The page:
1. Prasad, Shayal Shirtika BSN, RN

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It was a pleasure reading "When 'Love' = Death" (What I'm Reading, October 2019), in which Theresa Brown reviews Rachel Louise Snyder's book No Visible Bruises: What We Don't Know About Domestic Violence Can Kill Us (Bloomsbury Publishing, 2019). Intimate partner violence (IPV) is a serious preventable public health problem that, according to the Centers for Disease Control and Prevention (CDC), affects one in four women during their lifetime.1 The CDC also reports that 41% of female IPV survivors experience some form of physical injury, and that nearly half of female homicide victims are killed by a current or former intimate partner.1 IPV has a negative impact on women's physical and mental health and puts them at risk for engaging in health risk behaviors.1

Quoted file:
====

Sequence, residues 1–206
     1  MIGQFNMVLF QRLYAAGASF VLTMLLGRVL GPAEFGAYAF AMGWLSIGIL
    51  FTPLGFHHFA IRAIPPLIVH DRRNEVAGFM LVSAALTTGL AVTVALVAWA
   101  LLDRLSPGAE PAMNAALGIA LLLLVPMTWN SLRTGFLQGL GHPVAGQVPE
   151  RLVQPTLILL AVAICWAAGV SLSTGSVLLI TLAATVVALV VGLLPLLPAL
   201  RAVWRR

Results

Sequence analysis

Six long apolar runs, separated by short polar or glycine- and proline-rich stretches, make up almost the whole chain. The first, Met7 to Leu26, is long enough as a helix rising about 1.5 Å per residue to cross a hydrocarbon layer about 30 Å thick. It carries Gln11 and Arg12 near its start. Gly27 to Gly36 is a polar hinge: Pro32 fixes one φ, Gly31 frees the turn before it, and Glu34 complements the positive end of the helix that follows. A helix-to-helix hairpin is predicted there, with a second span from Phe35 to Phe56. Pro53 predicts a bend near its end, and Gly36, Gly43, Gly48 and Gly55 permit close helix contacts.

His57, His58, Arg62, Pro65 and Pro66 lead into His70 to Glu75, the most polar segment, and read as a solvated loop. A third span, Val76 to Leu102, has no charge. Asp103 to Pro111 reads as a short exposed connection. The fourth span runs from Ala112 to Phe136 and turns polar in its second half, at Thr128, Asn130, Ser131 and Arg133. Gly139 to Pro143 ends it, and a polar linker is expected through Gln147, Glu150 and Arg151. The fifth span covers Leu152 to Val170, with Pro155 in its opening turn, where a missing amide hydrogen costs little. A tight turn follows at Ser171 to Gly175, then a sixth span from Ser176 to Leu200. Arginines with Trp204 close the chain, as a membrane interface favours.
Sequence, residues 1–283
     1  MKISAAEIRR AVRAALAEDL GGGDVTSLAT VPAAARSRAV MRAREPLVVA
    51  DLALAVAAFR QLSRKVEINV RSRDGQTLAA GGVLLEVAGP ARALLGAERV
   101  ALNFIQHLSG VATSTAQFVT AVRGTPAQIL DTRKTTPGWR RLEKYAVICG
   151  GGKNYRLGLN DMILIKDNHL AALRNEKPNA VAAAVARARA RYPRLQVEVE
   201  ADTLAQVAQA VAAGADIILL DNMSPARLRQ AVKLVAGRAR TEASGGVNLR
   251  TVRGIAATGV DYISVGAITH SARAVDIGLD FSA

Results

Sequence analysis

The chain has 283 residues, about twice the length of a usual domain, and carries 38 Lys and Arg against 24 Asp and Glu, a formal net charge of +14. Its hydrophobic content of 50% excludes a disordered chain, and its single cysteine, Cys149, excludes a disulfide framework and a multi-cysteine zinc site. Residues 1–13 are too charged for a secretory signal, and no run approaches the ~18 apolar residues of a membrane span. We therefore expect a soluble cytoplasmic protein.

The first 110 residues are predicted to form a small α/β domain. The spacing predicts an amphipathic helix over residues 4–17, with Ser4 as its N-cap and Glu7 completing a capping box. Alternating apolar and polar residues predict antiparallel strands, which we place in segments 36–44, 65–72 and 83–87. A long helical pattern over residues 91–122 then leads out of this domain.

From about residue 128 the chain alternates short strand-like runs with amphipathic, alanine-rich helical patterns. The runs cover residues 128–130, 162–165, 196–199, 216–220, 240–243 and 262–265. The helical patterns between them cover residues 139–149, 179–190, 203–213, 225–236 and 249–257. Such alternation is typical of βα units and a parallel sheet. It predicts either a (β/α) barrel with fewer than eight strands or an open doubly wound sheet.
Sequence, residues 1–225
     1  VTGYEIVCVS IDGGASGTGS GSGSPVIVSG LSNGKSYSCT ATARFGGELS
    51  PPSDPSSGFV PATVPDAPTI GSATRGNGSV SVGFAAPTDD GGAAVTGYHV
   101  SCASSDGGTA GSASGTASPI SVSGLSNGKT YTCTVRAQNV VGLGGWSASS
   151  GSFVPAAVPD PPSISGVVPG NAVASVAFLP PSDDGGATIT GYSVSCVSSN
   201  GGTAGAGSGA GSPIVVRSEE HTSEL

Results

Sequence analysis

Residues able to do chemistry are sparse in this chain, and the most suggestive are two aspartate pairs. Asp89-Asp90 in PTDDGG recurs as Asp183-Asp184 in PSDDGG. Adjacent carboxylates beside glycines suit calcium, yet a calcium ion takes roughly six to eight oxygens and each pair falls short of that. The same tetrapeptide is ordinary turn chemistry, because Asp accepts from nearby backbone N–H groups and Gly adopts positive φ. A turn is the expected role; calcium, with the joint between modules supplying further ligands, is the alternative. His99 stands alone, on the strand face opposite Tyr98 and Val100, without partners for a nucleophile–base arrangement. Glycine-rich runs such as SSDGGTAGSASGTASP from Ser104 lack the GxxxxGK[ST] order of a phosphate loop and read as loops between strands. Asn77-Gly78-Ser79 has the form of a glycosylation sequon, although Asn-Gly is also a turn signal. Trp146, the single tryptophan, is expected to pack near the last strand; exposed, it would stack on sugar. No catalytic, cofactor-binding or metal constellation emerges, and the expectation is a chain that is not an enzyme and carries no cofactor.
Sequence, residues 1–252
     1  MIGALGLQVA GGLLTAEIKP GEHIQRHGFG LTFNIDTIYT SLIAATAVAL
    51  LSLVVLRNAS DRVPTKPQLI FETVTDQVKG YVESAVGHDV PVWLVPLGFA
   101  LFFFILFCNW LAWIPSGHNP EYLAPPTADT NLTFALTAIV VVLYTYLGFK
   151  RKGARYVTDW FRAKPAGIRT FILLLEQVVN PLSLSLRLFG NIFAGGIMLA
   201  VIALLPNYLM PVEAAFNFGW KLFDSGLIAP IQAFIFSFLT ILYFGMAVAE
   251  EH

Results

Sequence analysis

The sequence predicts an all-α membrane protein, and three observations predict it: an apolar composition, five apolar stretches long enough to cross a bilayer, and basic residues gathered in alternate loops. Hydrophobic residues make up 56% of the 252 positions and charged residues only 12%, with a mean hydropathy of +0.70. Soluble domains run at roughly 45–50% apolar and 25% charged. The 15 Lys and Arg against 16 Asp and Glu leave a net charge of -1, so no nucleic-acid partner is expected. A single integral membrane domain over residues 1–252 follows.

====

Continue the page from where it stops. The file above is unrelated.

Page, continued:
In her book, Snyder discusses the work of nurse Jacquelyn Campbell, and the Danger Assessment tool Campbell created to help law enforcement identify a person's risk of being killed by an intimate partner (see to access the tool). Nurses can also use this tool at the bedside and in other health care settings to identify victims of domestic violence and help them get the care and resources they need. Although my facility currently has an abuse assessment to screen for victims, there is always room for improvement. The Danger Assessment tool has potential to help save lives.


Shayal Shirtika Prasad, BSN, RN


Pittsburg, CA




1. Centers for Disease Control and Prevention. Preventing intimate partner violence. Atlanta; 2019. Fast facts fact sheet; [Context Link]